Coors Western Art Show sets new sales record

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Yee-haw! While galleries across the country have had a tough time in recent years, the Coors Western Art Show at the National Western Stock Show Complex got off to a fast gallop last week, selling more than $800,000 worth of art at the Red Carpet Reception three days before the show officially opened on Saturday on the top floor of the Hall of Education at the Stock Show. "All in all, it was a big success," says curator Rose Fredrick. "It was a record-breaking opening night for both crowds and sales. Opening-night sales beat the best-ever total sales." See also: - People of the 2013 Stock Show Parade - Faces of the 2012 Stock Show Parade - Michael Hancock bet-losing Ray Lewis dance postponed by Stock Show injury?

Part of the success can be attributed to the way Fredrick hung the work: Rather than put all of the pieces in the silent action outside the gallery, she devoted a specific area to the work of each artist - and there are dozens - and spread them throughout both the gallery and the main space outside. "My hope was that people would start bidding on the silent auction pieces but see the other pieces as well," she says, "and this combination of seeing all the work together had the excitement running throughout the whole space." It also meant that would-be bidders who'd already seen the price of silent-auction items go too high could buy one of the artist's other pieces.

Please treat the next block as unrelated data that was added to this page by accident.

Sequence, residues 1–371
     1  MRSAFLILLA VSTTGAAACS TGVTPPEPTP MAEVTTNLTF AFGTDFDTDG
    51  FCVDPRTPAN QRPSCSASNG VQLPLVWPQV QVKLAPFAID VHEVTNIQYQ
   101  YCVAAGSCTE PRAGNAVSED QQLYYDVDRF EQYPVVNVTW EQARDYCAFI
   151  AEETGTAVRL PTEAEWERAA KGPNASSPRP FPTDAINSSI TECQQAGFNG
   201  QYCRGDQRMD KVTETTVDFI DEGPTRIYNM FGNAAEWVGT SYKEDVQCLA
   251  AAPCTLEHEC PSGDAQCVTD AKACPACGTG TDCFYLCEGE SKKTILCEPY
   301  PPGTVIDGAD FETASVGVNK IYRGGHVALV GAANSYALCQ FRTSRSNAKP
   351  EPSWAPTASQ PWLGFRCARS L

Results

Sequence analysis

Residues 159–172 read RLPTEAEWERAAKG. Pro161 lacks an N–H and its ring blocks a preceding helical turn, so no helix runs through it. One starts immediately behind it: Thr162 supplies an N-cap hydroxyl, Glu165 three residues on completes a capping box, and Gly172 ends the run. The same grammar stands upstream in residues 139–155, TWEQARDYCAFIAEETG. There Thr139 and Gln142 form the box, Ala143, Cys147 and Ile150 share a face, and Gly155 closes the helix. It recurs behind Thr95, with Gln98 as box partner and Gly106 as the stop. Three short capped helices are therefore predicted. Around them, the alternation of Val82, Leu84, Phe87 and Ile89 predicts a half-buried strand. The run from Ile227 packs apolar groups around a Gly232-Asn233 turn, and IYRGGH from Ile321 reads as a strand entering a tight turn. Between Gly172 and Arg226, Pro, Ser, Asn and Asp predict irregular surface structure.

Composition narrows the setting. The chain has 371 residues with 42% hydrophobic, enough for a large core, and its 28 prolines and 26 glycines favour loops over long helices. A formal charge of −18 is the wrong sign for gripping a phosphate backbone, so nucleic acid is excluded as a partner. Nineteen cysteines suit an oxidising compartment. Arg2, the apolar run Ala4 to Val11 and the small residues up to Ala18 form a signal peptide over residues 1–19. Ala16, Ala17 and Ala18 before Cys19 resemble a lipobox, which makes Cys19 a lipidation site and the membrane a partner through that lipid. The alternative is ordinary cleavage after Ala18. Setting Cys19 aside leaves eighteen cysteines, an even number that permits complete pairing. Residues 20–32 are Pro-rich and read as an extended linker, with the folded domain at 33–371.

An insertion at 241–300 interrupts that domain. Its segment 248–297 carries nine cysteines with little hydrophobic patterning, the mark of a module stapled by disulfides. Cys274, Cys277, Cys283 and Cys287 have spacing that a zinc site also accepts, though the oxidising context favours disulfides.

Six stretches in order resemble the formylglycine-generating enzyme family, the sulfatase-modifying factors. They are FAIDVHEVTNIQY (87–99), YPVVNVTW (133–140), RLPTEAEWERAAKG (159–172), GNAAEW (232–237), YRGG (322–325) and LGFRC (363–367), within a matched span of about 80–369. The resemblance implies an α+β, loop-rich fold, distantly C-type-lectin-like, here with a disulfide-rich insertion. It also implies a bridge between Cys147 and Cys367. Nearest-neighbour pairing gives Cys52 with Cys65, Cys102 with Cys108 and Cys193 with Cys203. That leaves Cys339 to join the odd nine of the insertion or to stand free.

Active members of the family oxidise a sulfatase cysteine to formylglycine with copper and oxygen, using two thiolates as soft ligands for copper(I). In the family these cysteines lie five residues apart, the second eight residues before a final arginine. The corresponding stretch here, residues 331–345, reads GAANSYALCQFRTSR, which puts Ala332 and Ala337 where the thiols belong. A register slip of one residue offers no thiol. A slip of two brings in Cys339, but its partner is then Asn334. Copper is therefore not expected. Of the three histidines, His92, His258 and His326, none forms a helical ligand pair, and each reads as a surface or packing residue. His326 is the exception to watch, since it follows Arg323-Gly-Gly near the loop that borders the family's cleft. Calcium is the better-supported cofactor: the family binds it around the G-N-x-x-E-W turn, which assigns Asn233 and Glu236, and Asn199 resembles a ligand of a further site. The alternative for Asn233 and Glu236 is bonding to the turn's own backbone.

Despite the fact that the show started so strong, there's "still lots of good stuff for sale," Fredrick notes. And good stuff to simply see. Just about everything but the seventy silent-auction pieces, which went home with the winning bidders, will be on display in the rehung gallery through Sunday, January 27, when the Coors show ends with the Stock Show. "What I've tried to do with the show -- and this is keeping in step with Western art -- is keeping it more contemporary," Fredrick explains.

Not only are all the artists featured in the show living, "but we try to keep a contemporary eye on what is going on," she says. "A lot of the artists we work with aren't into sugarcoating the West. I just want a really broad brush. Our audience really responds to that."

And so while there are traditional landscapes, there are also landscapes dotted with beer bottles and horse manure. While some landscapes depict traditional, romanticized settings, Terry Gardner paints old drive-in movie signs, and Don Stinson adds power lines and other manmade features to his scenes.

"There's room for all of it," Fredrick concludes, pointing out that while some Western art shows "are so traditional they can't stand to have anything new, the Coors show proves there's room for a big, big conversation about what is Western art."

And the conversation will continue for another ten days. Find more information at www.nationalwestern.com/coors-western-art/.

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